Mises Wire

Public Debt Got a Lot Worse from the Great Recession to the Great Lockdown

Taxes and Spending

Debt accumulation was already unsustainable prior to 2020, but the Great Lockdown has triggered an explosive increase. It may soon be reaching a point of no return for the world's major economies.

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Political Competition vs. Market Competition

Property RightsWorld History


In a market economy, it is not the warlord or strongman who seizes control and lords it over his subjects. Rather, it is the common man as consumer who sets the terms for victory in the marketplace.

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War and Foreign Policy


“When men hire themselves out to shoot other men to order, asking nothing about the justice of their cause, I don’t care if they are shot themselves.”

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Polarization in Washington Is Forcing Politicians to Decentralize

Decentralization and Secession


From gun control to abortion, gridlock and polarization in Washington forces policymakers to look to state and local governments as the centers of political reform.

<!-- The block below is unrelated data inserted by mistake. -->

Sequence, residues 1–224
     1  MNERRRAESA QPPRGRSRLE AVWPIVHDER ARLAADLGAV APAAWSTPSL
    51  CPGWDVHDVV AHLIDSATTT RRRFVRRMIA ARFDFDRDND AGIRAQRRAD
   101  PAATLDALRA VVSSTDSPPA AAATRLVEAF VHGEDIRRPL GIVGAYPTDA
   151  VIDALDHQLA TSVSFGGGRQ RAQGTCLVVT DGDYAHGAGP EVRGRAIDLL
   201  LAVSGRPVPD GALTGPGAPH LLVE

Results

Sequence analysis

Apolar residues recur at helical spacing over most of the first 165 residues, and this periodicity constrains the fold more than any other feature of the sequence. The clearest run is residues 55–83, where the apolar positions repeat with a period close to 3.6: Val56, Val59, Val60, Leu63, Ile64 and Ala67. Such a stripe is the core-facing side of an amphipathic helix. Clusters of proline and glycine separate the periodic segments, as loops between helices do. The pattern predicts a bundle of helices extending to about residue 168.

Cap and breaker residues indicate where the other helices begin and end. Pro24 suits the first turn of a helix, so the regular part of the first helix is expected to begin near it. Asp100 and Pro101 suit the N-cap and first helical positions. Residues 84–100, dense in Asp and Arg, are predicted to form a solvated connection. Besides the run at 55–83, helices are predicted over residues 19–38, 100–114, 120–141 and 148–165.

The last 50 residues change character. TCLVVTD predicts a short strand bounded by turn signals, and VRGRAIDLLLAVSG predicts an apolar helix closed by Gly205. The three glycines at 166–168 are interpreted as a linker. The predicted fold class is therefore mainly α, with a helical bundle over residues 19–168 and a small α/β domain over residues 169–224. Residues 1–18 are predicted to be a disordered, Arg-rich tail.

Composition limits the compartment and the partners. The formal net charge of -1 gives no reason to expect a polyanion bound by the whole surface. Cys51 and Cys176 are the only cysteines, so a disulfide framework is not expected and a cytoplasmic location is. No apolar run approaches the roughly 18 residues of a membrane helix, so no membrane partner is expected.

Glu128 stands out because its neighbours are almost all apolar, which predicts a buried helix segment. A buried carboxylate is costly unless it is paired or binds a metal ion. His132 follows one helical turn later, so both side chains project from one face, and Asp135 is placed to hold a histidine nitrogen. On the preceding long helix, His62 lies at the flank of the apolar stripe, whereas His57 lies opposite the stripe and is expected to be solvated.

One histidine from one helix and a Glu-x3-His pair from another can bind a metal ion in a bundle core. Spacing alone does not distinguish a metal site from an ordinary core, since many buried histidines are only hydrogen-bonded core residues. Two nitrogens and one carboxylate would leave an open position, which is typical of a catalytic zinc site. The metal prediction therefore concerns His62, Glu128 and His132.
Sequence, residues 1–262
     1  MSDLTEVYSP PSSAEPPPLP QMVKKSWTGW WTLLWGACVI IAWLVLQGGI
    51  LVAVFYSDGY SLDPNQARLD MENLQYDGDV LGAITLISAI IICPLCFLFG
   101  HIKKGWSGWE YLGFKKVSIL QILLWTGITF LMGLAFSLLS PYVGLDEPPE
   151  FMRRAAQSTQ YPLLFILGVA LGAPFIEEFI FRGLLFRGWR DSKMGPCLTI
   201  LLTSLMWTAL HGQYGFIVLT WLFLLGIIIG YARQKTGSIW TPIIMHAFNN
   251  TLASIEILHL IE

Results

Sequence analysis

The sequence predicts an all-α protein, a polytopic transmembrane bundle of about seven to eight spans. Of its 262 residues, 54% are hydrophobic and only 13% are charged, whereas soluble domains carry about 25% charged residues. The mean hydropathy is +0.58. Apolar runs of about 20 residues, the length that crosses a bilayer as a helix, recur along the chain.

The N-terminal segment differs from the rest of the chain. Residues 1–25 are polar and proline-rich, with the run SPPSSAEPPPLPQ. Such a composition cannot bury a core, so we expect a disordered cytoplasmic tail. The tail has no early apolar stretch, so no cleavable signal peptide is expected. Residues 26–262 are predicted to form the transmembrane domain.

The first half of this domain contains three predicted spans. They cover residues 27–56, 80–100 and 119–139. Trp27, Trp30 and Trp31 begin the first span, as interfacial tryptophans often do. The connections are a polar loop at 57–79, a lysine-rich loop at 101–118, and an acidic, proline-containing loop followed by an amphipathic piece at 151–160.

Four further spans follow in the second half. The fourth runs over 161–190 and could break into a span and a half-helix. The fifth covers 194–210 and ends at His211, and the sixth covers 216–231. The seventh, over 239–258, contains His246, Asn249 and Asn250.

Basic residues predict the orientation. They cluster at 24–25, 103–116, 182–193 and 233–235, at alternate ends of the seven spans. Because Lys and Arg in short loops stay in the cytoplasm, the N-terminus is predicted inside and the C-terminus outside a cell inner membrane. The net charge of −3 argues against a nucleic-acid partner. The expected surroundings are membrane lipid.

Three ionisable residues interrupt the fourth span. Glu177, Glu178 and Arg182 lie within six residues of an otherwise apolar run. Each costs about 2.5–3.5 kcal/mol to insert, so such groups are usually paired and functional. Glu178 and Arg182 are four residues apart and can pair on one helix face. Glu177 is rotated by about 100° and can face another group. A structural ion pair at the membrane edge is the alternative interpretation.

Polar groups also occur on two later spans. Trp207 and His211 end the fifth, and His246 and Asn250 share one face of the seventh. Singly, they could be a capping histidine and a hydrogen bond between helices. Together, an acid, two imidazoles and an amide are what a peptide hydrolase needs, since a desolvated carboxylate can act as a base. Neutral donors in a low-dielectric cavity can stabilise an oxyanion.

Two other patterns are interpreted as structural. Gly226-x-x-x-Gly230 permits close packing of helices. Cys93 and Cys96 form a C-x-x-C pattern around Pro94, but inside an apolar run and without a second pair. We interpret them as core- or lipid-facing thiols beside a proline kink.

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Politicians Concerned about Violence Should Start by Ending Their Wars and Their Police State

U.S. History


When politicians claim to deplore violence, its hard to take them seriously when they have a long track record of supporting brutal and arbitrary violence both at home and abroad. 

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Printing Money Can't Replace Real Savings

Money and Banking


If monetary stimulus could strengthen real economic growth, then world poverty would have been eliminated a long time ago.

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Progressivism's Failures: From Minimum Wages to the Welfare State



The empirical evidence shows that neither minimum wages or welfare reduce poverty. In fact, minimum wages tend to increase the cost of living while poverty rates have gone nowhere since the Great Society was introduced.

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Public Schools Refuse to Open. Give the Taxpayers Their Money Back



If grocery stores were run like public schools, they'd still be in the midst of an extended covid lockdown. Fortunately, though, we have a (mostly) privatized system, with vouchers for low-income shoppers.  A similar system for schools would be a far saner choice than what we have now. 

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